Possible benefits from vegetatively established grasses

1.     Production
Under the right conditions (warm, moist, and with sufficient salinity to limit competition from other species) these vegetative grasses can provide good groundcover and good grazing in situations that would otherwise be unproductive and/or actively contributing to environmental damage. Pasture production from these grasses has not been measured across the range of soil/climate/salinity levels, in Australia. Some international research on sporobolus and distichlis appear encouraging, however only modest production should be anticipated from broadacre plantings.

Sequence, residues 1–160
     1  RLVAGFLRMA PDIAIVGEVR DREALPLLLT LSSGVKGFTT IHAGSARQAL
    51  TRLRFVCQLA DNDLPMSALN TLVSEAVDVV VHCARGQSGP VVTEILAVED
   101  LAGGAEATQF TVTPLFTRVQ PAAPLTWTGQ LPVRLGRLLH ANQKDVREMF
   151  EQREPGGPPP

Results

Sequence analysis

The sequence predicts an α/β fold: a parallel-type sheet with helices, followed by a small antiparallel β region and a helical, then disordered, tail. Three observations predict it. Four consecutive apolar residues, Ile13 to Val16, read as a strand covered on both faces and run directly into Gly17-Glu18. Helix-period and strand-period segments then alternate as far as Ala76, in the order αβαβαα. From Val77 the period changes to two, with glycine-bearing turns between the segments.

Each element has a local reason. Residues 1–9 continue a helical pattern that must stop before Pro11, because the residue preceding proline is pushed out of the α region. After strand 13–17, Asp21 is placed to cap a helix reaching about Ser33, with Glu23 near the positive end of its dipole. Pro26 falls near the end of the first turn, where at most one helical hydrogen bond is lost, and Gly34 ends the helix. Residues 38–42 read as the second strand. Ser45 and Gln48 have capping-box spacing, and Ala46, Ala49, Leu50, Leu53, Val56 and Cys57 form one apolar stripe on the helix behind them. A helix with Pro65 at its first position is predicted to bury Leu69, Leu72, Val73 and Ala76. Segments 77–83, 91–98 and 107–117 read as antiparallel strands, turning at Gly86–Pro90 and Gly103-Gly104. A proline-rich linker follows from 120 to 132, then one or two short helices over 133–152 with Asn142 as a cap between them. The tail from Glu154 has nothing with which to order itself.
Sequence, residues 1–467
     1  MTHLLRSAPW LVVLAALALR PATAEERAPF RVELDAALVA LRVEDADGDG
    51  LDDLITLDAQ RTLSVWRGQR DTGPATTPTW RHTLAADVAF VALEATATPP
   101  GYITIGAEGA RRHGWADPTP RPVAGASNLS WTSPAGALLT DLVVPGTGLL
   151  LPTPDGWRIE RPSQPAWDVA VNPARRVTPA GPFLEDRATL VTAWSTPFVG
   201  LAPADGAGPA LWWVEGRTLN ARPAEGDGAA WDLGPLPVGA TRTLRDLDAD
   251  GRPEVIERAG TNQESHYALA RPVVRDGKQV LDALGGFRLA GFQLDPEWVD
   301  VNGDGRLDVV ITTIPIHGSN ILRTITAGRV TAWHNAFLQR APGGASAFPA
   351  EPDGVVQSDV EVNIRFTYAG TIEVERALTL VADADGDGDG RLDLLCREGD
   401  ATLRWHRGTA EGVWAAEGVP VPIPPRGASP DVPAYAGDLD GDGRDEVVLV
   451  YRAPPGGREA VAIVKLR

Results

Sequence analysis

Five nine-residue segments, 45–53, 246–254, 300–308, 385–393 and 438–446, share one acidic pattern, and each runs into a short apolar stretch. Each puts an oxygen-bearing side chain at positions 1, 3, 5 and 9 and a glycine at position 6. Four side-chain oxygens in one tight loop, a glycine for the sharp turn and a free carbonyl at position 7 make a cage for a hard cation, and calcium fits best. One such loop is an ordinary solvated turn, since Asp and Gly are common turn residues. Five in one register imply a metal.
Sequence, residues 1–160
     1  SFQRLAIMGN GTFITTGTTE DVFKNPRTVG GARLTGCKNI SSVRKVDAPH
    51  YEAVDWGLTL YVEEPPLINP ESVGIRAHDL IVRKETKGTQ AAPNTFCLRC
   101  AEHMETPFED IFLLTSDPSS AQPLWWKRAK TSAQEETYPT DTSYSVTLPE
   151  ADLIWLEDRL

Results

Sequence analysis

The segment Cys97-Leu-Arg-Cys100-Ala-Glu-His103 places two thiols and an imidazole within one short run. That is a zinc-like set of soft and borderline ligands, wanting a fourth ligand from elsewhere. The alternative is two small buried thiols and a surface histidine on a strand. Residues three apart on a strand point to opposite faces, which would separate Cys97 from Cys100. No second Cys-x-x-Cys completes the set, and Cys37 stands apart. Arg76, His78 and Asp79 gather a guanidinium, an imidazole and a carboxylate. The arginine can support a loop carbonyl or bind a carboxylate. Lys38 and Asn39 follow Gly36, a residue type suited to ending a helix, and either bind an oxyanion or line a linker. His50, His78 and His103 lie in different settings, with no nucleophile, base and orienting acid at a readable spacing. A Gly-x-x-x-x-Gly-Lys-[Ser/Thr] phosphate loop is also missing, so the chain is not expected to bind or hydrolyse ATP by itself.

2.     Conservation and amenity
The key to most of the amenity and environmental benefits from revegetating saline land is groundcover, and these vegetatively established grasses are particularly good at providing it! Green and growing plants on previously bare saline scalds are visually attractive and the groundcover reduces surface soil evaporation and salt build-up, protects the soil from erosion, and provides some basis for re-establishing floral and faunal biodiversity. Their amenity value is confirmed by their extensive use as turf grasses, and the primary motivation behind the use of these grasses is likely to be amenity/environmental rather than production and profit.

3.     $$’s
It is hard to comment definitively about the economic values of these grasses in a grazing system because few records exist. Because of the high cost of establishment, these grasses are best suited to small areas of saltland and are unlikely to be ‘profitable’ in the strict sense of the word.

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